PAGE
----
During my two years at SFCC I would spends hours and hours in the campus library and often heard the words ‘You would look so pretty as a girl.” although the words were never spoken to me.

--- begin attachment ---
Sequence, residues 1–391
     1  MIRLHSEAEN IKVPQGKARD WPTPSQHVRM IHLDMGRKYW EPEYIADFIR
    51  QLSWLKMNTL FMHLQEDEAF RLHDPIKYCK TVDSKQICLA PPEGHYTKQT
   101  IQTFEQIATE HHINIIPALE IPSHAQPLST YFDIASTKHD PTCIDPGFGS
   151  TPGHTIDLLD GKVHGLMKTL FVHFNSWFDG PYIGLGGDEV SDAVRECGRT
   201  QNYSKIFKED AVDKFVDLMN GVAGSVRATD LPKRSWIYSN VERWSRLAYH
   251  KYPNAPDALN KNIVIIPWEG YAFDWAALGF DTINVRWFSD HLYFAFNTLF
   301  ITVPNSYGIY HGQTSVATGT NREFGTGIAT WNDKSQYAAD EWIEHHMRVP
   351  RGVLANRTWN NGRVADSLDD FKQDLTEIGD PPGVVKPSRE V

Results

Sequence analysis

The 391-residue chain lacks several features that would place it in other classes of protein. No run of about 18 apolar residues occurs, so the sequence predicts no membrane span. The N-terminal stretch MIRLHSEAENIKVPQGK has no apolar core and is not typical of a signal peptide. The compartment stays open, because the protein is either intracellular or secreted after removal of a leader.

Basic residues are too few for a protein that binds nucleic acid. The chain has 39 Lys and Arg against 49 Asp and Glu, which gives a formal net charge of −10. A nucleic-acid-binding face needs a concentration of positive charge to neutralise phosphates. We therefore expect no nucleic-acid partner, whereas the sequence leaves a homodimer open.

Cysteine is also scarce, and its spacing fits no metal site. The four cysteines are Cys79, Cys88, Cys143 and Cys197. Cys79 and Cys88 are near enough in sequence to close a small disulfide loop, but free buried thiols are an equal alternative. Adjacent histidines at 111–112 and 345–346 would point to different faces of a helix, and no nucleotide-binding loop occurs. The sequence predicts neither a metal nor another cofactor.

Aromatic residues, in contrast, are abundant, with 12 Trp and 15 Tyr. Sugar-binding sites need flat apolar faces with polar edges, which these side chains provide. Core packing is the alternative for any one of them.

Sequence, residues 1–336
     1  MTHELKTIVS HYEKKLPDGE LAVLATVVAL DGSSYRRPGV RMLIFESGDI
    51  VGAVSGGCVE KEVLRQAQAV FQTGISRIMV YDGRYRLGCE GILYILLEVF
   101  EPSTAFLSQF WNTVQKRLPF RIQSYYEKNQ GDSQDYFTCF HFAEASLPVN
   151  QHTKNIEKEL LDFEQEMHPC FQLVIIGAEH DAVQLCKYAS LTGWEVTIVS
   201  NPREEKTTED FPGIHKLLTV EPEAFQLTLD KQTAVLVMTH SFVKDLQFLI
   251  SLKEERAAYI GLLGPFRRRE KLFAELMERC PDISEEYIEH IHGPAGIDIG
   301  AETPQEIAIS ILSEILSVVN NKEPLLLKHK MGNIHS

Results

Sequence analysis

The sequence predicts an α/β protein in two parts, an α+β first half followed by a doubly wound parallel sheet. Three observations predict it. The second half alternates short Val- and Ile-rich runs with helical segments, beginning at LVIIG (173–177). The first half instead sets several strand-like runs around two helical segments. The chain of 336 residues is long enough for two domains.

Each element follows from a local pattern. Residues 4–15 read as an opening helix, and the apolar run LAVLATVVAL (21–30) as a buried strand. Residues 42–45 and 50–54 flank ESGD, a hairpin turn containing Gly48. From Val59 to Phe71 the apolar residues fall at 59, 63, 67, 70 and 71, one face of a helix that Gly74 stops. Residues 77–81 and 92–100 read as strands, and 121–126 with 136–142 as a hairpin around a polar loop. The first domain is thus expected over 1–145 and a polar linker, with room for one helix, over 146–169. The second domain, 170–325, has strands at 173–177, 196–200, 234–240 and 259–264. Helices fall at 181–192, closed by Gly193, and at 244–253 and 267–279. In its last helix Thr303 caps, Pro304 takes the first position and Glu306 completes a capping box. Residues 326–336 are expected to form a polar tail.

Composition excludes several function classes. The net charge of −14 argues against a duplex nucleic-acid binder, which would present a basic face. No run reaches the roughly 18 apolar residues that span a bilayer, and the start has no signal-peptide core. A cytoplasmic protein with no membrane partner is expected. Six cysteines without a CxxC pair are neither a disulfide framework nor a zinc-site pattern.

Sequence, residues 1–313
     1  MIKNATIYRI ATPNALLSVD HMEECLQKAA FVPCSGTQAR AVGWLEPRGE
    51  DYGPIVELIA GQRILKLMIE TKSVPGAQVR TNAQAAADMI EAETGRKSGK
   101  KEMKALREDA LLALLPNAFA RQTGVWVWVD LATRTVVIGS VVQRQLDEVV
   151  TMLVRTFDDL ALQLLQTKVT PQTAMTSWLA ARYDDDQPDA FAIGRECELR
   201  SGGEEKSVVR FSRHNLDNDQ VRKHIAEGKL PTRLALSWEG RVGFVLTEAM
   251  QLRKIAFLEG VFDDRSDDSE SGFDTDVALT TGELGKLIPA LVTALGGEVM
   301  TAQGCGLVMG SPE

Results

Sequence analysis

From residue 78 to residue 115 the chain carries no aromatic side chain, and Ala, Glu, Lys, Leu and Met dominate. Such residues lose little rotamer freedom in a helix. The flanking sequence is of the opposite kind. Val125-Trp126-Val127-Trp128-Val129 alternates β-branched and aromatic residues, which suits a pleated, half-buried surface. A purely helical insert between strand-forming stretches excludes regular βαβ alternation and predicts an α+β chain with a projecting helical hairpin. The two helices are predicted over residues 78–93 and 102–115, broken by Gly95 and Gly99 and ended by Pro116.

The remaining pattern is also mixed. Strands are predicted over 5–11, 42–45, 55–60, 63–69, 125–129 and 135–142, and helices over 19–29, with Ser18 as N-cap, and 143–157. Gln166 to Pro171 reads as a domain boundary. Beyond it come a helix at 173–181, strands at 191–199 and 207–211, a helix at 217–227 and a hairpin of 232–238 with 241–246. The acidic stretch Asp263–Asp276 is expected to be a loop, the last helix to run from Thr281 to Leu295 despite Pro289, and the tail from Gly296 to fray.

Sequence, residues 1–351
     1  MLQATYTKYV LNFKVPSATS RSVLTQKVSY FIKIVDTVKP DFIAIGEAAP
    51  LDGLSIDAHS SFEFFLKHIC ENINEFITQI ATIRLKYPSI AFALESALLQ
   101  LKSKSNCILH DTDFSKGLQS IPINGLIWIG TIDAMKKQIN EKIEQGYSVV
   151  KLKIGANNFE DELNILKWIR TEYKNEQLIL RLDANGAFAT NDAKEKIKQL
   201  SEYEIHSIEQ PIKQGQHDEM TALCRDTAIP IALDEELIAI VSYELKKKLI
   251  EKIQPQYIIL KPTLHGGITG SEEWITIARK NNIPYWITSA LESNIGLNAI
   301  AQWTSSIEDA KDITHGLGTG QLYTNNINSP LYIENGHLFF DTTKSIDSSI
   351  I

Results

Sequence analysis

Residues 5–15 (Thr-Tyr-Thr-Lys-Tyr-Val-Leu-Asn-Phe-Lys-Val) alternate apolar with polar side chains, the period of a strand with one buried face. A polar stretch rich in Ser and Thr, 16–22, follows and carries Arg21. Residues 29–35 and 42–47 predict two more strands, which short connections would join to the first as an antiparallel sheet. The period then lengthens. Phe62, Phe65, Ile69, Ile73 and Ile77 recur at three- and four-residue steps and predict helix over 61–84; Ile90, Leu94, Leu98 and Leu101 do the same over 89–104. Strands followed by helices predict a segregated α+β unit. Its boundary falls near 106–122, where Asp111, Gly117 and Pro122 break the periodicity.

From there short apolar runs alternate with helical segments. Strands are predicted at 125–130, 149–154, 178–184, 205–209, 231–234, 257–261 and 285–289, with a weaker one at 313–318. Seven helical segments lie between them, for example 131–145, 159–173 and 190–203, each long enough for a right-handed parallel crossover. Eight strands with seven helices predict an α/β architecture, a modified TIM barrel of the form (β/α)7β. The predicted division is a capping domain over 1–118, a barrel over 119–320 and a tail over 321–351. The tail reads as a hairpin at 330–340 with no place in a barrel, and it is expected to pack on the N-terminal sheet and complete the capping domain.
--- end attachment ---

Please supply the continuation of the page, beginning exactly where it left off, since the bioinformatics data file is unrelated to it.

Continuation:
Several years later, when I was attending Spokane Falls Community College, I found a group of friends that was roughly divided between let’s call them men and women.   One of them was a young man who was small in size.  Some might even suggest petite.  He also had a very effeminate face and his mannerisms were less than manly.  The women in out group would often suggest he should try dressing up as a girl, even offering to help him do so, expressing their certainty that he would make a very pretty girl.  He was always adamant in his refusasl to do so.  Whenever this experiment was suggessted, if I was present, if any other guy was present, we would always chuckle and exchange glances communicating that we would not be surprised if he was privately doing just what he was so adamantly refusing to try.  At a time when all I really wanted to say is, “What about me?  Help me be pretty,” it was expected that I would find amusement in his effeminacy.   [Several years later I would be out at Spokane gay bar on drag night and one of the perfomers on stage I recognized as my friend from SFCC.  I will never know if how he came to find that stage and whether the dares presented by our mutual friends from SFCC had played a role.]